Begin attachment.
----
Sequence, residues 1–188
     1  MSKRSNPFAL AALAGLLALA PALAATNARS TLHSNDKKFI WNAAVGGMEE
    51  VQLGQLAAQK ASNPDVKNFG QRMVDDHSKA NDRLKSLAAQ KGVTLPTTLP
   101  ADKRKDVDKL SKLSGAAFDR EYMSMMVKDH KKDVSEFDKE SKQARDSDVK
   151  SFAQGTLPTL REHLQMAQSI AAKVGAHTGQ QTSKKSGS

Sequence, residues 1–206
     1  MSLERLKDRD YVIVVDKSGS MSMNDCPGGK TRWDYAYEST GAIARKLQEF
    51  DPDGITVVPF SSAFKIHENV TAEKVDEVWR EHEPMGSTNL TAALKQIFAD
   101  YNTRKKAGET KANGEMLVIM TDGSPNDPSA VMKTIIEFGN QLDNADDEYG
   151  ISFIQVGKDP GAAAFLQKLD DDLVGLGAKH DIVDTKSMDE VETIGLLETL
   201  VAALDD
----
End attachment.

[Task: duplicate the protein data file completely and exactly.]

Sequence, residues 1–188
     1  MSKRSNPFAL AALAGLLALA PALAATNARS TLHSNDKKFI WNAAVGGMEE
    51  VQLGQLAAQK ASNPDVKNFG QRMVDDHSKA NDRLKSLAAQ KGVTLPTTLP
   101  ADKRKDVDKL SKLSGAAFDR EYMSMMVKDH KKDVSEFDKE SKQARDSDVK
   151  SFAQGTLPTL REHLQMAQSI AAKVGAHTGQ QTSKKSGS

Sequence, residues 1–206
     1  MSLERLKDRD YVIVVDKSGS MSMNDCPGGK TRWDYAYEST GAIARKLQEF
    51  DPDGITVVPF SSAFKIHENV TAEKVDEVWR EHEPMGSTNL TAALKQIFAD
   101  YNTRKKAGET KANGEMLVIM TDGSPNDPSA VMKTIIEFGN QLDNADDEYG
   151  ISFIQVGKDP GAAAFLQKLD DDLVGLGAKH DIVDTKSMDE VETIGLLETL
   201  VAALDD